ERA (Education and Research Archive)

https://era.library.ualberta.ca

What is ERA?

ERA (Education and Research Archive) is the name for University of Alberta's Digital Asset Management strategy, being developed and supported by the University of Alberta Libraries.

For more on the technology behind ERA see Technology and Partnerships.

ERA's open access content includes the intellectual output of the University and promotes global opportunities for research discovery as well as for archival preservation.

ERA provides an easy and convenient solution for faculty who must deposit their research in an open access repository to meet funding agency requirements.

What is deposited in ERA?

The item types found in ERA are:

  • Book
  • Book Chapter
  • Conference/Workshop Poster
  • Conference/Workshop Presentation
  • Dataset - a group of files associated with research that often include a data file, a codebook, or other forms of data
  • Journal Article (Draft-submitted) – these are sometimes called pre-prints
  • Journal Article (Final, peer-reviewed manuscript) – these are sometimes called post-prints
  • Journal Article (Published version) – check SHERPA-RoMEO for journals allowing this type of deposit
  • Learning Object - syllabus, class Power Point presentation, practice exam, etc.
  • Report
  • Research Material – items such as an images, field notebooks, etc. that don't fall into the other categories
  • Review - book review, data review, etc.

Who may deposit items?

Registered users may deposit items in ERA. Contact erahelp@ualberta.ca to learn more about our our mediated deposit service and training sessions.

ERA Policies

ERA Content Policy

ERA hosts and preserves material related to the teaching and research activities at the University of Alberta and associated items representing intellectual production. ERA is an open access institutional repository.

All work deposited in ERA must originate from a member of the University of Alberta community unless an exception is made at the discretion of the Digital Repository Services Librarian.

All undergraduate student work in ERA must be vetted by a Faculty or Department.

Materials of an administrative nature, such as meeting minutes or general correspondence, should be deposited at the University of Alberta Archives, not in ERA.

ERA Take-Down Policy

The removal of an item from ERA once it is deposited is generally discouraged. However,

items will be temporarily taken down under the following scenarios until a determination is made to either restore or permanently remove the item:

  • A copyright dispute emerges requiring investigation.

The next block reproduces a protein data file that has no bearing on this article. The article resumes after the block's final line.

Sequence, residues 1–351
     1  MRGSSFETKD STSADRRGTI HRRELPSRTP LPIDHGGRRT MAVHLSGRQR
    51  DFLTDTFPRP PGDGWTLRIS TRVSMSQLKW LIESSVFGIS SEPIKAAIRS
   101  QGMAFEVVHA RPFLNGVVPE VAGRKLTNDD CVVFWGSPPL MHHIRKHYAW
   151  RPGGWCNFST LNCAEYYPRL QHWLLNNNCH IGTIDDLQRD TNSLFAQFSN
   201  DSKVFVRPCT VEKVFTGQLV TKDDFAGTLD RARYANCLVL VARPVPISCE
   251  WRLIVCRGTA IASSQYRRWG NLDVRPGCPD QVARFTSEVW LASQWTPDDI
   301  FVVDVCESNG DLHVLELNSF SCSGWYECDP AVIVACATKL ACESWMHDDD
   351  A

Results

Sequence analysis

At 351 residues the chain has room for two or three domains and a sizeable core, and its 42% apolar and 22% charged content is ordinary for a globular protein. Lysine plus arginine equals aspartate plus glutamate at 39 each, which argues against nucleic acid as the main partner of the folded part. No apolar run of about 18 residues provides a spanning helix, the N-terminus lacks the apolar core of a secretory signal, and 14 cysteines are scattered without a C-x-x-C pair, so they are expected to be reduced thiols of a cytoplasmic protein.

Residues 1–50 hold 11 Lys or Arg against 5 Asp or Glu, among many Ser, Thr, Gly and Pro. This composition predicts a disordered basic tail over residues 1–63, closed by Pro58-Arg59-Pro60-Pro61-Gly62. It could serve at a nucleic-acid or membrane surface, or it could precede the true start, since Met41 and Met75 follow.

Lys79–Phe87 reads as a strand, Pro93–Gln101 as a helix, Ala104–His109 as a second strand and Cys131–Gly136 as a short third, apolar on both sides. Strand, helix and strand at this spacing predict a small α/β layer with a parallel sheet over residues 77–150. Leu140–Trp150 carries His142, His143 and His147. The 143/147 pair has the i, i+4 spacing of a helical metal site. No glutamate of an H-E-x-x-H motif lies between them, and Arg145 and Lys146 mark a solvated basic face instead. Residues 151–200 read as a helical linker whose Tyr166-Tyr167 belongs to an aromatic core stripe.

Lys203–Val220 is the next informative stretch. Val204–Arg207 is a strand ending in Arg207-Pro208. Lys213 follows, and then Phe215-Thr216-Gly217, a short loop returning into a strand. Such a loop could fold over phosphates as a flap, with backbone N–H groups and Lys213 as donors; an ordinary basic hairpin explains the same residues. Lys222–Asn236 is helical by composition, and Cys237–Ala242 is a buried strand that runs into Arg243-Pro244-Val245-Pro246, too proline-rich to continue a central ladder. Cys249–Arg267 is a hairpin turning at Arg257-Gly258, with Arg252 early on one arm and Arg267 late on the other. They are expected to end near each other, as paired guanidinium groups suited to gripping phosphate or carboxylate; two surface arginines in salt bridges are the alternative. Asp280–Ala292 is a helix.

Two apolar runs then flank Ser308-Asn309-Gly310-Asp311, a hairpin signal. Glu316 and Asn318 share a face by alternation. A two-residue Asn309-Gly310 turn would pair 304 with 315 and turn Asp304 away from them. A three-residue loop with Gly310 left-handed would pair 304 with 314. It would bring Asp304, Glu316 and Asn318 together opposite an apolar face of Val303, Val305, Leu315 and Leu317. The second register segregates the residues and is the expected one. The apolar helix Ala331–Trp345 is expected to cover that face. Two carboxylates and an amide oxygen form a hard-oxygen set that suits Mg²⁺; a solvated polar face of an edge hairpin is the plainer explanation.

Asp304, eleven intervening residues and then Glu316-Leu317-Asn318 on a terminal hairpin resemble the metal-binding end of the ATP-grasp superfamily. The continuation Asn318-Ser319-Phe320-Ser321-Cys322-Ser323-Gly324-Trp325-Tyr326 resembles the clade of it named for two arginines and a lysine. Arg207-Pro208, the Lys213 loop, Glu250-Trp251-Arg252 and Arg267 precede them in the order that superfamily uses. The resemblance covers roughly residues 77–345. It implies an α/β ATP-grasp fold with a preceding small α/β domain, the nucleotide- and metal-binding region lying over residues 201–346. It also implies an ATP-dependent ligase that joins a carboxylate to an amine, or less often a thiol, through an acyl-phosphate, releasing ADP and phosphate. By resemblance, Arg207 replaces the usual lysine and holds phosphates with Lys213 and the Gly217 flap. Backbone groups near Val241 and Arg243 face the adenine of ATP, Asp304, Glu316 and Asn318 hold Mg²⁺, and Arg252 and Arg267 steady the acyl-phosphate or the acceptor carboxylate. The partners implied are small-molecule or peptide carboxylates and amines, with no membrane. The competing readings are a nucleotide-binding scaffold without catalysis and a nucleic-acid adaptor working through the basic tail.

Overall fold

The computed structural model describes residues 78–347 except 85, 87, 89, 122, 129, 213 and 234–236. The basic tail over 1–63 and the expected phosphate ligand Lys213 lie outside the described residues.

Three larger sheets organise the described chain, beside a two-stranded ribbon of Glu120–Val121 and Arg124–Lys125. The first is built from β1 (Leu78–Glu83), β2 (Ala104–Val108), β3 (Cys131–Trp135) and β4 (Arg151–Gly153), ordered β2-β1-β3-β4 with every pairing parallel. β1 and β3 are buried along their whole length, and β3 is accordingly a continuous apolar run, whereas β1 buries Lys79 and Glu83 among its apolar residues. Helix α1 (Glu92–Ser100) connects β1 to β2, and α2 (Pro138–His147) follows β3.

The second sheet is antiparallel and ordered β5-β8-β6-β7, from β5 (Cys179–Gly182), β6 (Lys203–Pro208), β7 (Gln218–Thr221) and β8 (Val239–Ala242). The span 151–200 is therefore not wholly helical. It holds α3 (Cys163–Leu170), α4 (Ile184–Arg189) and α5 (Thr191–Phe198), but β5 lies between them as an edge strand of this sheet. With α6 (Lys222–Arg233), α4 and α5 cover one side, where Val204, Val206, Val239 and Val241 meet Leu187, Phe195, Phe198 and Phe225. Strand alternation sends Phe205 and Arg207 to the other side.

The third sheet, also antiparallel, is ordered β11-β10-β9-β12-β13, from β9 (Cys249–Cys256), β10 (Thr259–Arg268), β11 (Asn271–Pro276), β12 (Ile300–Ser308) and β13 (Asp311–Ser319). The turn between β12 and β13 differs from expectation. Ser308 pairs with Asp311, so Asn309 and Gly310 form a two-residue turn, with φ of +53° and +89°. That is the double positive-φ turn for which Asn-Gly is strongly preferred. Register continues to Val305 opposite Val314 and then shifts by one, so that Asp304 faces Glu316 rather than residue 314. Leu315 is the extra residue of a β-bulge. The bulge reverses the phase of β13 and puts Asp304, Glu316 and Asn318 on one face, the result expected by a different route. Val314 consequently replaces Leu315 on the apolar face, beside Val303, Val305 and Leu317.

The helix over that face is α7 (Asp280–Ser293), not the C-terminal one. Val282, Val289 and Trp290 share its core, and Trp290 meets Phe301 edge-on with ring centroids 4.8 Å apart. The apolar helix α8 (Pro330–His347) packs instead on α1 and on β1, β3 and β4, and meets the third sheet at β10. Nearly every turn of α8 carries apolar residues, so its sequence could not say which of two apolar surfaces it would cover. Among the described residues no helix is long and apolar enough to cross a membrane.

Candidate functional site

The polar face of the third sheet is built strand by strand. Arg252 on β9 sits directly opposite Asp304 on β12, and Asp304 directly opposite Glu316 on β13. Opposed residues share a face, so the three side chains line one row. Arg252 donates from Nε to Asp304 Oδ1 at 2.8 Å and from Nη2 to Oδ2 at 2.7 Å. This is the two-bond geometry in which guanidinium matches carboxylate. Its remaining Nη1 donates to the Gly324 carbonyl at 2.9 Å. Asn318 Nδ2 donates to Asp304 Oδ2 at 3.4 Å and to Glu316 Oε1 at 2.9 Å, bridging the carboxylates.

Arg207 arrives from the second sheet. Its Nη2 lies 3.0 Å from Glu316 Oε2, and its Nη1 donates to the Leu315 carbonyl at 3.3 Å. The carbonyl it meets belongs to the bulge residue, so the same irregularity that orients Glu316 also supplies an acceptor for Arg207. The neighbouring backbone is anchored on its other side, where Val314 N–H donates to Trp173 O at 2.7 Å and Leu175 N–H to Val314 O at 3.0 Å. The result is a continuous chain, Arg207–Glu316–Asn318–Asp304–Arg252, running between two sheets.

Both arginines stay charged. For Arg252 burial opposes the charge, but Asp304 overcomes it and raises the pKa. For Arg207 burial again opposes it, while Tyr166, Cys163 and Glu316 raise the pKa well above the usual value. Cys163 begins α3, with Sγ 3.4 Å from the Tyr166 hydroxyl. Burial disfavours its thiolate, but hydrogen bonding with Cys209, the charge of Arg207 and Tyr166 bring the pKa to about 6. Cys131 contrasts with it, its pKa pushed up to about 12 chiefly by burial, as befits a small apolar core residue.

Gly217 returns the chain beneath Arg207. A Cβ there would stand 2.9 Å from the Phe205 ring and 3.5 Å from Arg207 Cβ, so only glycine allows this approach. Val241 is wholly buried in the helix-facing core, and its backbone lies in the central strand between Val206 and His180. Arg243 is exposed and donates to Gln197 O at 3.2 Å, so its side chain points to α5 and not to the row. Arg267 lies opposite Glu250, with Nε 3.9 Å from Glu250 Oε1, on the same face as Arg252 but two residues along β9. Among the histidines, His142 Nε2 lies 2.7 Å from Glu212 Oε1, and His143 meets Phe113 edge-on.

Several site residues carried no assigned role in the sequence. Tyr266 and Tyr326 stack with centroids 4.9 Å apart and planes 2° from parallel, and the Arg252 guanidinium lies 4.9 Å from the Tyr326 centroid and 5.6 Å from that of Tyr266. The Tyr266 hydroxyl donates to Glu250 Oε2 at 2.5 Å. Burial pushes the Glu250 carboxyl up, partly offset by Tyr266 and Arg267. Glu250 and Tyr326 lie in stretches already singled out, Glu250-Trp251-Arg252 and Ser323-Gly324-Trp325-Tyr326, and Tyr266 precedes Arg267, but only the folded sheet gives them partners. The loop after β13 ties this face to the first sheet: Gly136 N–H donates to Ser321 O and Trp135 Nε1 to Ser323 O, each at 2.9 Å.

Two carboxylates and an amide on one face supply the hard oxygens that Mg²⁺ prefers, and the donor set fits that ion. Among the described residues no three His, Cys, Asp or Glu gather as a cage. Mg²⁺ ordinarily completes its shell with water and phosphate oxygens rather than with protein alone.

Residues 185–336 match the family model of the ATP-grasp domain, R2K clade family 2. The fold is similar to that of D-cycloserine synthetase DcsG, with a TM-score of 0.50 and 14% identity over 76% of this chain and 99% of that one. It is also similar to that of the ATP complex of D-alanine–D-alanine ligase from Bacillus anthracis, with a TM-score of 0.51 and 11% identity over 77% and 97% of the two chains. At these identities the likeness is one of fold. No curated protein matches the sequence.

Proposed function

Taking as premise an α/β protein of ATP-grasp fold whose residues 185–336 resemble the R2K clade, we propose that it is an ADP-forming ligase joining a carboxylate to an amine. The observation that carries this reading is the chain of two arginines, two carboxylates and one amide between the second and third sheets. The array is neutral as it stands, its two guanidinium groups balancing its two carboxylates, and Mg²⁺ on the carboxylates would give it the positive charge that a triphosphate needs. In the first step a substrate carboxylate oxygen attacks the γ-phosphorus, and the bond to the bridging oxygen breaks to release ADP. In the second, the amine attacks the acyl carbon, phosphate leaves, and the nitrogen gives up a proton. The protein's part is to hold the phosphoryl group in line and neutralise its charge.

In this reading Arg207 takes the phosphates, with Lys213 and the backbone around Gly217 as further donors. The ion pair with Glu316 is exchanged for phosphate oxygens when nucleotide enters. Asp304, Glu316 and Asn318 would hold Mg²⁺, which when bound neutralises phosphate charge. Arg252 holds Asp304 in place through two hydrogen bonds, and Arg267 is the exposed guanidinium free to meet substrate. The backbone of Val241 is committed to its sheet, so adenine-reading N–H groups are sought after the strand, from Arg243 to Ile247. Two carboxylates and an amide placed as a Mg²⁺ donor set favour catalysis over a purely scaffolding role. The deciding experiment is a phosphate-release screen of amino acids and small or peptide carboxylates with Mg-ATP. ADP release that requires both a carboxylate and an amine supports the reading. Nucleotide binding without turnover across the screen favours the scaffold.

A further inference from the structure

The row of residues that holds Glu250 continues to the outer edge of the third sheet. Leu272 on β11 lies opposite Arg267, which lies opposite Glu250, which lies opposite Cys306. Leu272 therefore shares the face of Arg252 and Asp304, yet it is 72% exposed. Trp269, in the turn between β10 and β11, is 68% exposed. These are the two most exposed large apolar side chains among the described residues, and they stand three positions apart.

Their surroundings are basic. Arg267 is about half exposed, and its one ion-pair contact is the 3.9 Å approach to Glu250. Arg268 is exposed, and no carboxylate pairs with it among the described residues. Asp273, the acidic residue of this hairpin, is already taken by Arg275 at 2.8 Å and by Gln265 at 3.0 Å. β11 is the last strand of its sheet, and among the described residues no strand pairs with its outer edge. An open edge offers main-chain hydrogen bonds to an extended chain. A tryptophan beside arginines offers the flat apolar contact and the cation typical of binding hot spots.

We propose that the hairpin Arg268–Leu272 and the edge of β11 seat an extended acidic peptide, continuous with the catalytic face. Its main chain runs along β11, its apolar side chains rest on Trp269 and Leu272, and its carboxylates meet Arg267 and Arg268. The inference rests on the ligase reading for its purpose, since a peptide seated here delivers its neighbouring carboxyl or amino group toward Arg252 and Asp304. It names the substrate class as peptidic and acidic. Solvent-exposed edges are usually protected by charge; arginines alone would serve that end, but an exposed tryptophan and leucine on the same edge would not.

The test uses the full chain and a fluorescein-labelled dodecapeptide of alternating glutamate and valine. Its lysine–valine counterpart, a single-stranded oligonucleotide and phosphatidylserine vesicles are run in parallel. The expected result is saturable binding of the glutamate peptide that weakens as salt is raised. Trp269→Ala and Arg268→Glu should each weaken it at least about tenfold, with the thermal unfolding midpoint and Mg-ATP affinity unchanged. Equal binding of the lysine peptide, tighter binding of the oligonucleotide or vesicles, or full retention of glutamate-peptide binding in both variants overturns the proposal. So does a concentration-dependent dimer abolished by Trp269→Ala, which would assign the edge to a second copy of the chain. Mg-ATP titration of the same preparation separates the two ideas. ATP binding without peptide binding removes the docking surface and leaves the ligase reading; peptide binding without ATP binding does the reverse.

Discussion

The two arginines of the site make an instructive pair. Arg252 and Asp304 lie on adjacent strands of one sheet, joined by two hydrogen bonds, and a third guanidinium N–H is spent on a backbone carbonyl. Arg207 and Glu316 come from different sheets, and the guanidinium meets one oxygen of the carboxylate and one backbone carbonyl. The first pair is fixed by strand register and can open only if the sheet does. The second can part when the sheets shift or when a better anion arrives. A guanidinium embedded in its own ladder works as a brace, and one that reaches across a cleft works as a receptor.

• There is disagreement among multiple authors over whether the item should be placed in ERA. It is in the best interests of depositors to seek co-author permission prior to deposit.

Items will be removed immediately if:

  • We become aware of any illegal activity facilitated by an item in ERA.
  • An ERA item is used for internet nuisance activity by a user, such as to spam others.

Metadata Quality Policy

Detailed policy and practice workflows exist to ensure that ERA metadata is of the highest possible quality. Metadata already within ERA may undergo enhancement on an ad-hoc or project basis. This allows for optimum collation, dissemination, and preservation of ERA content. Contact eraadmi@ualberta.ca for more information.

Copyright Terms and ERA

When depositing items, you will be prompted to select a Creative Commons license. All items in ERA require an associated license so that others understand how the work can be used. See http://creativecommons.org/about for more information about Creative Commons licenses and contact erahelp@ualberta.ca for more information about copyright terms.

Note that there are three ways to determine if a journal article can be deposited in ERA and in what form:

  1. SHERPA/RoMEO: provides information about journal policies for archiving articles in institutional repositories http://www.sherpa.ac.uk/romeo
  2. Journal websites: many journals state their archiving policies on their website (see sections on author information or copyright)
  3. Ask the journal: use an author addendum and/or send an email request to retain your right to deposit your work in an institutional repository (e.g., the SPARC Canadian Author Addendum http://www.carl-abrc.ca/uploads/SCC/Addendum_updated-e.pdf )